Two nights ago, as I went to lie down, I noticed a 'whirring' or 'whistling' noise that occurs deep in my chest when I inhale deeply.  It only occurs when I inhale that very last little bit of air before I am 'maxed out' (say from 70% to 100% full), and it only occurs when I lie on my right side.  When I roll over to my left side, it goes away.  This makes me further worried that the gum is, indeed, still in there and is causing an obstruction.  The whirring noise is currently gone, but I made a recording of it on my mp3 player in case I need to show a doctor.  I can't get the recording off of my mp3 player, or I would have posted a link to the audio.

Basically, I don't know what to do.  The fact that my low oxygen levels can't be explained by sleep apnea or anything else I've heard, the whirring noise, the symptoms I had a while back, and the knowledge that I have inhaled a piece of gum all make me think that if I don't deal with this thing right, once and for all, I may shorten my life significantly.  Am I crazy?  What should I do?  Should I try to see a different pulmonologist or other doctor with the new SPO2 information and breathing recording?

Thank you so much for your help - this means so much to me.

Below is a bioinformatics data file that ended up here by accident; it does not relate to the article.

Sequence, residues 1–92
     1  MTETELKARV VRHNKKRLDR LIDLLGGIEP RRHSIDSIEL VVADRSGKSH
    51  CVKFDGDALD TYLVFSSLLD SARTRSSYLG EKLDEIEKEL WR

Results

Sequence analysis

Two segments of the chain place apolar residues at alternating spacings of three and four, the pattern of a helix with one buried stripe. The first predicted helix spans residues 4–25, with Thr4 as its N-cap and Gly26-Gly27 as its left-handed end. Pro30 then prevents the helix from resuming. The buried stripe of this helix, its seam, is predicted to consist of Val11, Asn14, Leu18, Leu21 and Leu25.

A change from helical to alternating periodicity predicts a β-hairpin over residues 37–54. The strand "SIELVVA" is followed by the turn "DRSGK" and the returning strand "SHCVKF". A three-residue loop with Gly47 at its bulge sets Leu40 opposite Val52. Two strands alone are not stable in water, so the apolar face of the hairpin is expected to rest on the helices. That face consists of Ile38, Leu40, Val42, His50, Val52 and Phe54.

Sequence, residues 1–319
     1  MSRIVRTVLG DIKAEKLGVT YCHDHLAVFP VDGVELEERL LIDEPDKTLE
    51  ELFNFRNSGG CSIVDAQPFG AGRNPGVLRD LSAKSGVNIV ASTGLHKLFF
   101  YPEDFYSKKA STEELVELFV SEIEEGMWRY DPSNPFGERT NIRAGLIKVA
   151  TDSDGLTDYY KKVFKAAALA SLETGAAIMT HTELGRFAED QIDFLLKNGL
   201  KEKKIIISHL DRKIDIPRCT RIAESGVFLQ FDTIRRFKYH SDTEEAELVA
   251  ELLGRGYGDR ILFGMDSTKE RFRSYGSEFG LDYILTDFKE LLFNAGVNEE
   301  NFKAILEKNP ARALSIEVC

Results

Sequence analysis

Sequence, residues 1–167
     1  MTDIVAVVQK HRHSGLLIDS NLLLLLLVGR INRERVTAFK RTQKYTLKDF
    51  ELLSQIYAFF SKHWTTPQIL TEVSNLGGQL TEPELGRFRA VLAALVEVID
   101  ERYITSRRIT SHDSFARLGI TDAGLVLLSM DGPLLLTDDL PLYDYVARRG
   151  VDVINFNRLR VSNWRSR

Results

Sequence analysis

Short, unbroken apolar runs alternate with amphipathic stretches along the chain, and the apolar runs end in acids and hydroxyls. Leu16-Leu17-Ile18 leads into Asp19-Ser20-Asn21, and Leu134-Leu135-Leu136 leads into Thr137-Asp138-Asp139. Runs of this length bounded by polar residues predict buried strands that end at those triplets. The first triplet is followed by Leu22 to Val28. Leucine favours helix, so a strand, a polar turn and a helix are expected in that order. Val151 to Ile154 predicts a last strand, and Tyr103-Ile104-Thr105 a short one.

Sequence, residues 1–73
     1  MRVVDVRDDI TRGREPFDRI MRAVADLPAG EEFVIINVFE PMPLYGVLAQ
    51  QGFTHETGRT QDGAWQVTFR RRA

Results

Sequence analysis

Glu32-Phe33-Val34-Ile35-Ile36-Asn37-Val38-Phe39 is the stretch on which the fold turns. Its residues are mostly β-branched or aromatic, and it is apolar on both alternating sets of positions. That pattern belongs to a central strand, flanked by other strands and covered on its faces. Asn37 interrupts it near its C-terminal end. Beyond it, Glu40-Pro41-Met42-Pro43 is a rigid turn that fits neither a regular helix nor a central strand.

4 Responses
Avatar universal
Hi, have you had any scans/x-ray done? What did they reveal? I would imagine that the gum would come up on one of those. Also, a last resort would be a bronchoscopy.  This might reveal if the gum is stuck in the airway somewhere and if found, they would be able to remove it during this procedure also. May I ask how old you are? An SPO2 of 85% is not normal on CPAP in a person with no previous or current (diagnosed) lung issues.
Avatar universal
It's a cover up.
There is no way to get the gum out short of surgery.
It will be moist and soggy and sitting in the lower part of your lung and tangled around your vocal chords.  
That is where my nicotine gum that i inhaled is sitting.
There is no way to get it out short of surgery.
Think about it.
The gum is soggy.  A hook will just slice through it.
If you are breathing okay the Doctor will just try to give you psychological assurance by telling you that you must have swallowed it.
They are liars.  
They don't go over the details with every patient who does this.
Explaining practicalities is not part of their job description.
They lie.
Sincerely yours,
Another one who inhaled gum.
Avatar universal
How do you know that it is in your lungs? Did you have any type of scan that revealed it?
Avatar universal
Hi, I am Susana. I am suffering of something similar. In October 2016 I strongly believe I inhaled a piece of chewing gum. Since then I feel a lump and a pain slightly on my right side almost above my right breast. I visited the Dr, had X-ray, CT scan, barrow swallow, endoscopy and they find nothing. I can't sleep well and I feel a tightness on my chest, can't sleep properly. I have begging Dr to send me to a pulmonologist. Also ocassionally feel a tingling sensation on my back around my right lung area. I can't do cardio activities because I get out of breath. Soon will have a Routine Lung Function (Spirometry, Lung Volums, DLCO). I am so desperate, would like to know how you are going. Please mail me to ***@**** to see how you are going and if finally drs found something and I could use your case as a reference when I see my Dr.